Far more doses than needed: Eastern Europeans want to renegotiate vaccine contracts

In view of the numerous vaccinations administered and a pandemic on the back burner, many Eastern European countries are calling for the supply contracts for corona vaccines to be renegotiated.

Far more doses than needed: Eastern Europeans want to renegotiate vaccine contracts

In view of the numerous vaccinations administered and a pandemic on the back burner, many Eastern European countries are calling for the supply contracts for corona vaccines to be renegotiated. Otherwise, many doses would expire because they would not be vaccinated. But it's also about a lot of money.

Eastern European EU member countries are increasing pressure on Pfizer and other manufacturers to renegotiate Covid-19 vaccine contracts. In a letter to the Commission obtained by the Reuters news agency, Polish Health Minister Adam Niedzielski, together with his counterparts from Bulgaria, Croatia, Estonia, Hungary, Latvia, Lithuania and Romania, are urging a "reduction in the quantities of vaccines ordered". The contracts were concluded at a time when the development of the pandemic was not yet foreseeable and should now be changed as the situation improves. Otherwise there is a risk of the vaccine being wasted.

Poland, which is taking the lead in these talks, alone has more than 30 million doses of Covid vaccine in stock and would need to buy another 70 million under existing deals, a Polish diplomat told Reuters. "We see an excessive burden on state budgets, combined with the delivery of unnecessary quantities of vaccine," the joint letter said. "There is a high probability that the cans shipped to the European Union will end up being disposed of."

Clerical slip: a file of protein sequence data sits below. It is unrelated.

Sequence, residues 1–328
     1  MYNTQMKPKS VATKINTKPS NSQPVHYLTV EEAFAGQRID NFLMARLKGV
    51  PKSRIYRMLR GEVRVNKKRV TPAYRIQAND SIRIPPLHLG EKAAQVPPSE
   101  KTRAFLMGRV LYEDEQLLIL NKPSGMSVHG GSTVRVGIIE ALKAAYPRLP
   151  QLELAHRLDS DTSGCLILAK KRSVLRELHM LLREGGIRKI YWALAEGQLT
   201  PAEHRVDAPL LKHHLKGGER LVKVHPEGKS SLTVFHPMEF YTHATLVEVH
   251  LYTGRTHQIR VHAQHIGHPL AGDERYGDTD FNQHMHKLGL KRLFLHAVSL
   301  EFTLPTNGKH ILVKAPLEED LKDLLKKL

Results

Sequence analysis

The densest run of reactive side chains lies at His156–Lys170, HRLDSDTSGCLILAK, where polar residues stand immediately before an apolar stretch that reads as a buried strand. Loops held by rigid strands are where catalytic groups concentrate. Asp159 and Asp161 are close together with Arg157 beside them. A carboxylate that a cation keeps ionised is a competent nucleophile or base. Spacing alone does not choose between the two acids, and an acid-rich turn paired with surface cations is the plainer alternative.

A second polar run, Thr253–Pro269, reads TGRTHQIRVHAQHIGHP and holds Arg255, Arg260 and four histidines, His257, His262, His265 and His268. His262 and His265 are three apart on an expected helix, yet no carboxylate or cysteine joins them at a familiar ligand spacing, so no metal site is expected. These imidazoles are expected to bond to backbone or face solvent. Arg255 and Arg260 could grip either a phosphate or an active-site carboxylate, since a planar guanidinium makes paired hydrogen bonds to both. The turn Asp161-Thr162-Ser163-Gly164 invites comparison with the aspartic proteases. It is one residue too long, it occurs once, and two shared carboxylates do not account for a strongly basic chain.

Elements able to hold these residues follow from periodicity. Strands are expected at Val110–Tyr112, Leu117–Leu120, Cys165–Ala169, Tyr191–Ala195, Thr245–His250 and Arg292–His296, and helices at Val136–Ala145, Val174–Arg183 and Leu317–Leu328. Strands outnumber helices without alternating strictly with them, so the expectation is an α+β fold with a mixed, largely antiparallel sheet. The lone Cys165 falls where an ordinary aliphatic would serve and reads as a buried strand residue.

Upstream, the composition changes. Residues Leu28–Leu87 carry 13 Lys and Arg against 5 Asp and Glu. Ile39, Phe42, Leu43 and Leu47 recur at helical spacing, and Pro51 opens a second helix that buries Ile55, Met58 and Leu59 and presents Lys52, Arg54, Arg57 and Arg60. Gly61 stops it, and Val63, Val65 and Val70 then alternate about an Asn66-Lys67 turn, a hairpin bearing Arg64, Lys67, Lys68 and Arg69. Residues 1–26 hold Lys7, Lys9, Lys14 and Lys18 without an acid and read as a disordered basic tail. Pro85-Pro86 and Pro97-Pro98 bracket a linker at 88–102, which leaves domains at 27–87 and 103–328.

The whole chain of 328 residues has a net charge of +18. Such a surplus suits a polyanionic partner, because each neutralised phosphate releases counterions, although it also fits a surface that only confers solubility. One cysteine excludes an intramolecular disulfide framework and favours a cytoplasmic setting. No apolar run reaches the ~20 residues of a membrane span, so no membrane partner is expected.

The topic is also to be discussed at the meeting of EU health ministers in Luxembourg, as French Health Minister Brigitte Bourgignon said. EU Health Commissioner Stella Kyriakides said the Commission will continue to work to ensure the supply of vaccines tailored to Member States' needs, including potentially adapted vaccines. "The pandemic is not over yet. We must be prepared for the coming months," she wrote on Twitter. The contracts with the companies must be observed and cannot be changed unilaterally by the EU.

During the acute phase of the pandemic, the EU Commission and the governments of the international community decided to buy large quantities of vaccines, mainly from Pfizer and its partner Biontech, because they feared insufficient supplies. However, the number of vaccinations has now fallen significantly, with many countries now pushing for changes in contracts to reduce quantities and lower spending.

In Poland, about 60 percent of the roughly 38 million people are fully vaccinated, compared to over 70 percent in the EU as a whole. Pfizer and Moderna - also a major supplier of Covid vaccines to the EU - have already agreed to delay some deliveries. But that is an "insufficient solution and only delays the problem," according to the joint letter from the ministers. A spokesman for Pfizer did not want to comment on this, but referred to the contract changes that had already been made to adjust the delivery dates.

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